Cross-Functional Collaboration is Becoming Essential for Security Professionals

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The saying ‘no good deed goes unpunished’ often applies to cross-functional work within organizations.

There is not enough cross-functional collaboration between security and related IT disciplines, and when there is, those who participate are just as likely to be asked why their regular work is being slowed down as they are to be rewarded for their teamwork. Practitioners are generally trained to stay within their area and not to spend much time outside of their specific domain.

That’s a big problem because the risks and threats facing organizations today are too numerous and complex to be dealt with exclusively by the security team – or any one function, for that matter. Cross-functional communication and leadership skills among a range of IT and IT-adjacent fields, such as security, privacy, risk, assurance, governance, quality and more, are needed to devise and implement the multilayered solutions enterprises require to meet the many challenges at hand.

It's great for a company to build a strong security team or a risk management function, but ultimately, what do today’s enterprises need to attract and retain customers amid such a perilous threat landscape? The big-picture answer is to build digital trust in their products and services.

ISACA, a global technology nonprofit association, defines digital trust as “the confidence in the integrity of relations, interactions and transactions among providers and consumers within an associated digital ecosystem.” Security is part of digital trust but just one piece of the equation. Attaining digital trust is a group project that cannot be done in silos, but unfortunately, too many companies are not yet in that mindset. In ISACA’s recent State of Digital Trust 2022 study, only 12% of respondents strongly agree that there is sufficient collaboration among professionals who work in digital trust fields. In many companies, the organizational culture reinforces a stay-in-your-lane mentality, and there’s not much sustained commitment for working cross-functionally.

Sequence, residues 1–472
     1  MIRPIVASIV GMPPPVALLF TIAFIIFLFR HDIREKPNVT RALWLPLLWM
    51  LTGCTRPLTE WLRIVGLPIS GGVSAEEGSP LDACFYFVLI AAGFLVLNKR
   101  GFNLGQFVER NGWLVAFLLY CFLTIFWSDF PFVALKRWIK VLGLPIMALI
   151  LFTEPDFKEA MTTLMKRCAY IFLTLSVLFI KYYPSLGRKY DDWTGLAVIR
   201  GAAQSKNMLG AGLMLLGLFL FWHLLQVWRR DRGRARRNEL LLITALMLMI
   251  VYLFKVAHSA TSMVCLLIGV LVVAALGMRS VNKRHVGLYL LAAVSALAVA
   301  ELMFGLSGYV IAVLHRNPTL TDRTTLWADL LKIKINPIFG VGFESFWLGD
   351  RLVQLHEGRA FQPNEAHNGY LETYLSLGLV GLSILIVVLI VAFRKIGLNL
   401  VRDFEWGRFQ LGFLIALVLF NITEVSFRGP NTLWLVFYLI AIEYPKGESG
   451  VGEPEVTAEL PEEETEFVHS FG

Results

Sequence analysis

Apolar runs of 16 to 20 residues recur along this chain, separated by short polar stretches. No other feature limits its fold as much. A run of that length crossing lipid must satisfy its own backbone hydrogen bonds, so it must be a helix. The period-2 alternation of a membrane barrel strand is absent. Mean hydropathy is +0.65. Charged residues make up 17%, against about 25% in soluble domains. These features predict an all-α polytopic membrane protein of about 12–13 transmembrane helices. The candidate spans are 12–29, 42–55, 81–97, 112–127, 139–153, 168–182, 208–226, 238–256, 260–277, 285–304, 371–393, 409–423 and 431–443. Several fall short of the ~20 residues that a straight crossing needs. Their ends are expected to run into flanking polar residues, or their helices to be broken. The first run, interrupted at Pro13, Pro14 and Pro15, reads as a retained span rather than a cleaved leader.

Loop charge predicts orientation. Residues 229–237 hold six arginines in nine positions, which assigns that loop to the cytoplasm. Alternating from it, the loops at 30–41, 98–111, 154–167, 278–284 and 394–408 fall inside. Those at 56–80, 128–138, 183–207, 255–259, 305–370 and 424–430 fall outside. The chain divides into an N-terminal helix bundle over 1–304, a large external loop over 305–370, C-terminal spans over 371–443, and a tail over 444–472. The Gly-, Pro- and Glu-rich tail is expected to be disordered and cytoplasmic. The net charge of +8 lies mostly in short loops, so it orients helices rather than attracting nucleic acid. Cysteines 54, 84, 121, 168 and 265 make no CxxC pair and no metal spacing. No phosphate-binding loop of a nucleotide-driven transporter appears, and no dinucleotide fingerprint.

That needs to change, and security teams should do their part to drive toward the broader mission of advancing digital trust. There are many security professionals who are adept at specific areas: endpoint security, identity and access management and threat hunting, etc. There is certainly a place for specialization, but it is important that the team includes people who recognize the importance of sharing knowledge, learning from other teams and finding areas of overlap to approach transformation projects (digital trust and digital transformation go hand-in-hand) with a holistic approach.